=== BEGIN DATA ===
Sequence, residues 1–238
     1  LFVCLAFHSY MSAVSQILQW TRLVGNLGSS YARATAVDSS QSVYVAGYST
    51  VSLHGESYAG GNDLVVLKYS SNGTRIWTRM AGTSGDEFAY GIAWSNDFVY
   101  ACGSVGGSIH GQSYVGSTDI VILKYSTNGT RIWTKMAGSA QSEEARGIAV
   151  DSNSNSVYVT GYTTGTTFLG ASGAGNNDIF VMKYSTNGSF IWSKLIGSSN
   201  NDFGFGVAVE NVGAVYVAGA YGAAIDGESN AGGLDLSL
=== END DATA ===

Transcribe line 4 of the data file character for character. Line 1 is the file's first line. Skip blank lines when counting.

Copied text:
   101  ACGSVGGSIH GQSYVGSTDI VILKYSTNGT RIWTKMAGSA QSEEARGIAV